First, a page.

Back pain is commonly blamed for loss of performance in horses. The complex structure of the back makes it a challenge to identify the exact nature of the problem. As well as damage to the vertebrae themselves, the muscles and ligaments may be involved. Some back pain is secondary to problems elsewhere - often the hind legs.
Identifying the site of pain can be difficult. But advances have been made in recent years. Techniques such as nuclear scintigraphy (“bone scan”), radiography, ultrasonography may pinpoint the problem.
Arthritis of the joints between the vertebrae is one possibility. As well as being joined together by the “intervertebral disc”, the vertebral bodies each have two pairs of articular processes at the front and back. These form synovial joints (“articular process - synovial intervertebral joint”: AP-SIVJ) with the corresponding processes of the neighbouring vertebra. They provide stability yet allow some movement between adjacent vertebrae.
Degenerative joint disease (arthritis) of these joints is common in older horses - and is often found in horses with back pain. However, it is not present in all horses with back pain, nor do affected horses always show back pain.
Injecting anti-inflammatory medication, such as corticosteroids, into the area may ease the discomfort.
A possible new treatment for back pain associated with bone lesions has been suggested by work at the Centre d’Imagerie et de Recherche sur les Affections Locomotrices Equines, at the French National Veterinary School of Alfort. Dr Virginie Coudry and her colleagues found that tiludronate, a drug that inhibits bone reabsorption, offers an effective treatment for these cases.
Tiludronate is licensed in some countries for the treatment of bone spavin and navicular disease. It blocks the activity of the osteoclasts, the cells that reabsorb bone as part of the bone remodelling process. Osteoclast activity is thought to be painful - so blocking them should reduce the pain.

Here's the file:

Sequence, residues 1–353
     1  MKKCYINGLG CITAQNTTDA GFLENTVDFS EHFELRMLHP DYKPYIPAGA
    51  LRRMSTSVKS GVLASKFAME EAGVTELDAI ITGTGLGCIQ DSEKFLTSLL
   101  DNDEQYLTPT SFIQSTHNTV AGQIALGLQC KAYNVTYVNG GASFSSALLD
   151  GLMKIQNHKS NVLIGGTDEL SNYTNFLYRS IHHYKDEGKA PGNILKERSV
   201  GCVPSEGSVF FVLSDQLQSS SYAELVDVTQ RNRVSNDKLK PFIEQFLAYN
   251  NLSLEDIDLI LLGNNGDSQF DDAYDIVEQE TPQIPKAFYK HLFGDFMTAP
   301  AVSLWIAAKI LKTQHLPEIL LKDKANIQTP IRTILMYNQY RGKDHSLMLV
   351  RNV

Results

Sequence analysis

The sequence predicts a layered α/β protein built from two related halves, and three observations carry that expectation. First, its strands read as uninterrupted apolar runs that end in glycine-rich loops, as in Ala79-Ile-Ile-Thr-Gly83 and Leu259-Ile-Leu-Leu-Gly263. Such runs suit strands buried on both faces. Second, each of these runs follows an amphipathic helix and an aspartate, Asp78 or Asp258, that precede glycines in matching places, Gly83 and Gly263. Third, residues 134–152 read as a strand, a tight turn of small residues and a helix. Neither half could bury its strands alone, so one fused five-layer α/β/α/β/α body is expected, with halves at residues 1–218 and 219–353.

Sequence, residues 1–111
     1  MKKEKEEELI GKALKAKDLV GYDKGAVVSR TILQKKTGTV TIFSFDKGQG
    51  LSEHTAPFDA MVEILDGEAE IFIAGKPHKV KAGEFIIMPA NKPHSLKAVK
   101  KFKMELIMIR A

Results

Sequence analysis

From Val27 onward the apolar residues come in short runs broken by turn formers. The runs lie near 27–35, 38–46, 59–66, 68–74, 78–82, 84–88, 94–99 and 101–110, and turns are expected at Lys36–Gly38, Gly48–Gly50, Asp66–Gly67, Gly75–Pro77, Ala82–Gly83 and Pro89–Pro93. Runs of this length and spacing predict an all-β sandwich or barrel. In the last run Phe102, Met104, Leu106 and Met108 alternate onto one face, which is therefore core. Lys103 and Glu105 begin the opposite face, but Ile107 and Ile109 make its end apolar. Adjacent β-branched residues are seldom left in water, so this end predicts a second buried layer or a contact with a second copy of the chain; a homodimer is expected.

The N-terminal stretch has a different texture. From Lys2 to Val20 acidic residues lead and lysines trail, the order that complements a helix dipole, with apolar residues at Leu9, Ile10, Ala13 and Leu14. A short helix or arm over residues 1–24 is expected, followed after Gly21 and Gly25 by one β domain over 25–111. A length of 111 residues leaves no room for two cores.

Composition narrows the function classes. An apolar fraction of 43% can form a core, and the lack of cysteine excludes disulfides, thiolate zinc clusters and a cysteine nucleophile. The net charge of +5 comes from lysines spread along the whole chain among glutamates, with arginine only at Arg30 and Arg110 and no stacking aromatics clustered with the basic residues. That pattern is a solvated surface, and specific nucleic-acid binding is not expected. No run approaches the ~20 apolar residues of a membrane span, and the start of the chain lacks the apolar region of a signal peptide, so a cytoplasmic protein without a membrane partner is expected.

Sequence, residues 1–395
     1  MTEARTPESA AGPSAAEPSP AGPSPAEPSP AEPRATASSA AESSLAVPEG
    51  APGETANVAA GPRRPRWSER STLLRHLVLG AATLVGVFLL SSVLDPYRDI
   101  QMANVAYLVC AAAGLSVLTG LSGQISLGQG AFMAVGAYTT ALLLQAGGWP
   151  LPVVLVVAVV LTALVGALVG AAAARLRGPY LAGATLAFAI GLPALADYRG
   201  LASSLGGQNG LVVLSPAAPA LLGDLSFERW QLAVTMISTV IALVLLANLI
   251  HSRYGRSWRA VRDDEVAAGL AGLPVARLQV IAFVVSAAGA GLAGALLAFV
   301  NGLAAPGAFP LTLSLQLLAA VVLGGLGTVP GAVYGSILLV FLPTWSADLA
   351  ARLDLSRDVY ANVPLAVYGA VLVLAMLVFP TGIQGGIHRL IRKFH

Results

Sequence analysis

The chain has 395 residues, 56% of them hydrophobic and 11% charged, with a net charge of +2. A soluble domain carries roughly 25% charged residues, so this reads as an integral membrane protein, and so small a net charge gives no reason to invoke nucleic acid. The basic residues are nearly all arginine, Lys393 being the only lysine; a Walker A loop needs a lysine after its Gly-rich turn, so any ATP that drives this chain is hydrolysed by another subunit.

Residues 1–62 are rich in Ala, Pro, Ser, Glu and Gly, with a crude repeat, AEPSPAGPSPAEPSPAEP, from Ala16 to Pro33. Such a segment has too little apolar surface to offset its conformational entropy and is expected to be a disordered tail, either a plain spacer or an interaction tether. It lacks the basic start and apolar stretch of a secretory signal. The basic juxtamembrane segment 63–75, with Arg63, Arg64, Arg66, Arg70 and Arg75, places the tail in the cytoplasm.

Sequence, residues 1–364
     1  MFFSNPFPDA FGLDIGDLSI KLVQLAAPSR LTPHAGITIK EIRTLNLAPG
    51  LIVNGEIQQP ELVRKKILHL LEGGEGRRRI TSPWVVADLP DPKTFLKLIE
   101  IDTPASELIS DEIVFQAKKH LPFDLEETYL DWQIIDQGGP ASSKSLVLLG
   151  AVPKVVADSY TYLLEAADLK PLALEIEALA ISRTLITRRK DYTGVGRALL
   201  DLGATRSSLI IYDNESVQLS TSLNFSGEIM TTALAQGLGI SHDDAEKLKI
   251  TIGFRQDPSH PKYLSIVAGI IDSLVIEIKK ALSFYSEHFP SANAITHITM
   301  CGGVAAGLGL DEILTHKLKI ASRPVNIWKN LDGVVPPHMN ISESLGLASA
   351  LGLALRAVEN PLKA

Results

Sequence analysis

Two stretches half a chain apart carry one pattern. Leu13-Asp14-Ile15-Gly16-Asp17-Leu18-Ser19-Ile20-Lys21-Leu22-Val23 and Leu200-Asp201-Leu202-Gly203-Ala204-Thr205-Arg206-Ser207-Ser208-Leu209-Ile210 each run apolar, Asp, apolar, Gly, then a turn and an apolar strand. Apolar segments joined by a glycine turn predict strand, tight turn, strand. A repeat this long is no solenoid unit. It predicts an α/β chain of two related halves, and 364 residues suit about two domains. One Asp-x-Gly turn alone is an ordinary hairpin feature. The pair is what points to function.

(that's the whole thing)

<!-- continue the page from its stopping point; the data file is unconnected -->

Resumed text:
Twenty-nine horses completed the study. All had arthritic changes at the AP-SIVJ - mostly in the lumbar region. Many also had abnormalities of the spinous processes.
Fifteen horses were treated with tiludronate (1mg/kg) given as a single intravenous infusion. The rest received a placebo, which looked identical but was inactive. The investigators did not know which horses had received tiludronate or the placebo until after the final assessment.
Rather than assess back pain during a static examination by manipulating the back, the researchers chose to assess it under more natural conditions, as the horses were moving. They observed the horses walking, trotting and cantering. Each horse was then given a score according to flexibility of the back.
Horses treated with tiludronate were significantly better 60 days after treatment than before. They also moved significantly better than did horses treated with the placebo.
Dr Coudry suggests that tiludronate offers an effective treatment for horses with back pain associated with bone damage.
For more details see:
Efficacy of tiludronate in the treatment of horses with signs of pain associated with osteoarthritic lesions of the thoracolumbar vertebral column. V Coudry, D Thibaud, B Riccio, F Audigié, David Didierlaurent, Jean-Marie Denoix. Am J Vet Res (2007) 68, 329 - 337